It’s not as easy as it looks.
That applies to both breakaway brokers and the platform providers who service them — a fact most recently underscored by the demise of Sanctuary Wealth Services, which will go out of business at the end of March.
After nearly eight years of helping breakaway brokers become functioning independent RIAs by providing compliance, reporting, investment management and consulting services, Sanctuary saw too many firms defect to keep the business going.
"My firm's business support was ultimately viewed as an expense that could be cut, and it was by many of our initial firms," says Jeff Spears, Sanctuary's founder and CEO.
Sanctuary's failure offers lessons for both breakaway brokers who become RIAs and platform providers who do business with them, say industry executives — starting with Spears himself, who candidly discusses his trials and tribulations in a blogpost, "It's Over."
Breakaways underestimate the difficulty — and cost — of running their own business, according to Spears and industry consultants.
Many breakaways didn't take into account expenses such as maintaining their support staff, who were accustomed to good salaries and generous benefits as wirehouse employees, Spears says. Moreover, the 20% to 30% cut of topline fees they had to pay Sanctuary were a shock to the system — and ultimately unsustainable.
"In this environment, it’s proven harder to grow as an independent RIA with rising costs for staff, compliance and technology," says Jamie McLaughlin, an industry consultant for wealth managers and high-end breakaways. "Growth becomes more challenging as principals erode their capacity utilization by taking on new clients and taking on non-sales responsibilities."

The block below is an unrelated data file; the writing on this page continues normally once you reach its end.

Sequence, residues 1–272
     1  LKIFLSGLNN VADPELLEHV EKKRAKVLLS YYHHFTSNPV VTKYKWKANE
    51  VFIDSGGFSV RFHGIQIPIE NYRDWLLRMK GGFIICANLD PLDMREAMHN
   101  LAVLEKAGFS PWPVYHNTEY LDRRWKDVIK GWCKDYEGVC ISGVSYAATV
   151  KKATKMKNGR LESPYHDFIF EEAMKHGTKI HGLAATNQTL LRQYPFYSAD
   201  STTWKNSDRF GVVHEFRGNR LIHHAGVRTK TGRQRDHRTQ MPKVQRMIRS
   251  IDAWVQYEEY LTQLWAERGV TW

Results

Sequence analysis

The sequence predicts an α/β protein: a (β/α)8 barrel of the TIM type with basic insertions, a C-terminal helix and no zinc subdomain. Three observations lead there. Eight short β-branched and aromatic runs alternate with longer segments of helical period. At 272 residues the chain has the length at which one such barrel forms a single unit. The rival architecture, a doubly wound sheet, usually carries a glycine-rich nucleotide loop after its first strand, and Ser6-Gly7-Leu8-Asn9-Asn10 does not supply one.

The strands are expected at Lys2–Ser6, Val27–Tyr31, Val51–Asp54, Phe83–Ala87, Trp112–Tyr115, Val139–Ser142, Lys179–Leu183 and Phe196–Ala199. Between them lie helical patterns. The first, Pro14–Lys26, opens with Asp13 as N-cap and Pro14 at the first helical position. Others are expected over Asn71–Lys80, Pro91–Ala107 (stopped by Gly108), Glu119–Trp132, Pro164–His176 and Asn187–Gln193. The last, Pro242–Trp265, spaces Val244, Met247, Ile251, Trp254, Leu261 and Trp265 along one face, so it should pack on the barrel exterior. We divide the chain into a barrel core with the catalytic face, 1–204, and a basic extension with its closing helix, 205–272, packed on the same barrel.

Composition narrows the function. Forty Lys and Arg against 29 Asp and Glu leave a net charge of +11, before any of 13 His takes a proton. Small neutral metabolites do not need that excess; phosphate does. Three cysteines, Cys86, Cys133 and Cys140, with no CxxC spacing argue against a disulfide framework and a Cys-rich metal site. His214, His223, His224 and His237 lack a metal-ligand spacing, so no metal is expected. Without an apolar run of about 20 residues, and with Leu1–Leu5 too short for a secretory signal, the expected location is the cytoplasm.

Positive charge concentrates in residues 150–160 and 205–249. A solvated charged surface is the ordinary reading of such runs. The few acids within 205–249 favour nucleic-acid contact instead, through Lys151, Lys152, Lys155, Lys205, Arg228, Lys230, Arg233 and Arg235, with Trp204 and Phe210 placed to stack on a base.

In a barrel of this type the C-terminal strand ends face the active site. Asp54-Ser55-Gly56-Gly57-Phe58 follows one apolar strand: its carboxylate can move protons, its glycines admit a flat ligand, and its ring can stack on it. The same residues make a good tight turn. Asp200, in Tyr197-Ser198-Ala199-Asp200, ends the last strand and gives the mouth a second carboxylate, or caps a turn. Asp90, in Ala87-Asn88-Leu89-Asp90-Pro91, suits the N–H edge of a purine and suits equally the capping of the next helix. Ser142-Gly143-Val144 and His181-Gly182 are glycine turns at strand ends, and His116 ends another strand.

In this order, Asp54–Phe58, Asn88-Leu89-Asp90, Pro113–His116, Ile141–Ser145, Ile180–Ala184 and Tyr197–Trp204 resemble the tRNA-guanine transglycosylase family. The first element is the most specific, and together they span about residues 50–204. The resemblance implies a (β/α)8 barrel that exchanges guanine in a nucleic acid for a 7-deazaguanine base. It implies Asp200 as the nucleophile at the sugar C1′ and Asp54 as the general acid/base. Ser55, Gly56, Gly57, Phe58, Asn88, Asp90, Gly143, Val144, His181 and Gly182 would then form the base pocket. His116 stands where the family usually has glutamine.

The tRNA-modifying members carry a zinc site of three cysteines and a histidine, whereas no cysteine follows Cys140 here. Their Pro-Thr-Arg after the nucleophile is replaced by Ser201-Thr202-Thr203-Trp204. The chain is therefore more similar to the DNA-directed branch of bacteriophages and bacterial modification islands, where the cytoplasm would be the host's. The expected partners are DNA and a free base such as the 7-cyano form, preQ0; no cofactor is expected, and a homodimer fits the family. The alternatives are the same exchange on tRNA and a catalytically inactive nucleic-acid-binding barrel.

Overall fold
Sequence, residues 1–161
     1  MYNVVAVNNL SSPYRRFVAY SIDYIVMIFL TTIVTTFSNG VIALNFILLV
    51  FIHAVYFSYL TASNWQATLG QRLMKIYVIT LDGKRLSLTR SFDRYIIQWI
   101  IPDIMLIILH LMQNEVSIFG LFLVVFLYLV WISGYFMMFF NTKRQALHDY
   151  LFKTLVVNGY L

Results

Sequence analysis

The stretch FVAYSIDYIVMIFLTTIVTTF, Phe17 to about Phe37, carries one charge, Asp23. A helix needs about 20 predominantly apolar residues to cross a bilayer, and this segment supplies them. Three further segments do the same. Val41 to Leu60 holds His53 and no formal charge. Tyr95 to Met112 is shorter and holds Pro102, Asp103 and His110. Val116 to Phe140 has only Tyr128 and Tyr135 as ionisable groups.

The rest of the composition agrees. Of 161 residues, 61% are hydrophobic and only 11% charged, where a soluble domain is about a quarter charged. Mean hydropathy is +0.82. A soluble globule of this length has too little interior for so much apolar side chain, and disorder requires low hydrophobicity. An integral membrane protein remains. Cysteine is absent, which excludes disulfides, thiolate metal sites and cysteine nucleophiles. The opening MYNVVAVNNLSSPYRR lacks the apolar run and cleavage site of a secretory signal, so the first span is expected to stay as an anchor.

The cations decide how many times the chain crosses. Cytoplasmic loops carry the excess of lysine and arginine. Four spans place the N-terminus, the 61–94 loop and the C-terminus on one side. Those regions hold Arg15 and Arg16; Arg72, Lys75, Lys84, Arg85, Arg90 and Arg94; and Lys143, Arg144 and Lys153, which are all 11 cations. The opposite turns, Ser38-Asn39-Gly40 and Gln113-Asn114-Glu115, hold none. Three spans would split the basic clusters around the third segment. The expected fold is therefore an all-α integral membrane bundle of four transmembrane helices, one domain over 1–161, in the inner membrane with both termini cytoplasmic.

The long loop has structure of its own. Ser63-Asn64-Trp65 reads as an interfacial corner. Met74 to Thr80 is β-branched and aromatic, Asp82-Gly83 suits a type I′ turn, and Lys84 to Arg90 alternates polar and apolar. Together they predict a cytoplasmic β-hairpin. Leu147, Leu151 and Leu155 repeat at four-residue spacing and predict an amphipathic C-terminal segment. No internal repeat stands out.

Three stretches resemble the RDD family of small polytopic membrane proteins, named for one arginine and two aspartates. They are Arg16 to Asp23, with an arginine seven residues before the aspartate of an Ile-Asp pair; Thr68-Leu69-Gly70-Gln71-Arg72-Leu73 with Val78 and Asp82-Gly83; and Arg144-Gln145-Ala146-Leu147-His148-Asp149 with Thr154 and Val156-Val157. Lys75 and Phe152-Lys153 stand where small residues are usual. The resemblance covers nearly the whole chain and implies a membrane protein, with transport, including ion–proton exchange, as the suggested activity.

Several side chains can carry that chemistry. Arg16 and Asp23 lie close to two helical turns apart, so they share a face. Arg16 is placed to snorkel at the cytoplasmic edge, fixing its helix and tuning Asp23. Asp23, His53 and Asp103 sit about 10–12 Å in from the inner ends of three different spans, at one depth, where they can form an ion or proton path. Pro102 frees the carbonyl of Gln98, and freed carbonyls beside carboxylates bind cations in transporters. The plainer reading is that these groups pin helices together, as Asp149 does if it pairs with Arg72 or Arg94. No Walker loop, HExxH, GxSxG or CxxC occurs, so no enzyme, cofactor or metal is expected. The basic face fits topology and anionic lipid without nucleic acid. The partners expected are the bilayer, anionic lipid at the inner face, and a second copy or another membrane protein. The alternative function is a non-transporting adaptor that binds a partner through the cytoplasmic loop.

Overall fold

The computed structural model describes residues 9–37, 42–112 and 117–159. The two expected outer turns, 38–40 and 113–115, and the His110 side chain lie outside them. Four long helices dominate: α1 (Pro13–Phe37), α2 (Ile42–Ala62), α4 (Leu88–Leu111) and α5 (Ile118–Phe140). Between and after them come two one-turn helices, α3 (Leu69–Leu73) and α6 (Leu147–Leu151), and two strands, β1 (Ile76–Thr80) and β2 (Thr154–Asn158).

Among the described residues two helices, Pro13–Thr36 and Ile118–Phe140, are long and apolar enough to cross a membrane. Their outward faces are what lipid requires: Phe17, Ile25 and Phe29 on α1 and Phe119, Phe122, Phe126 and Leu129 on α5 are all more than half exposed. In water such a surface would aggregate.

WHAT'S THE REAL PAYOUT?
Breakaway advisers simply have more aspects of a business to manage than they’re accustomed to, and their initial expectations aren’t always realistic.
"Anybody who tells a breakaway a transition is easy is either naïve or lying," says John Furey, principal of Advisor Growth Strategies. "All transitions are difficult. Most teams struggle with a variety of things including running the business, understanding how their P&L functions, managing their people, and getting their technology and client experiences the way they want it."
Quote"Anybody who tells a breakaway a transition is easy is either naïve or lying," says John Furey, principal of Advisor Growth Strategies.
"This is normal," Furey stresses, "but sometimes the breakaway is overconfident or has been convinced by a market participant that everything will work on day one."
Naturally enough, many breakaways are looking to leave a wirehouse for a higher payout, Spears says. But instead of keeping 100% for themselves, after several years as an independent they realize the payout is more like 65%.
"They don't realize how much more they have to work for an extra 10% to 15% profit margin," he says.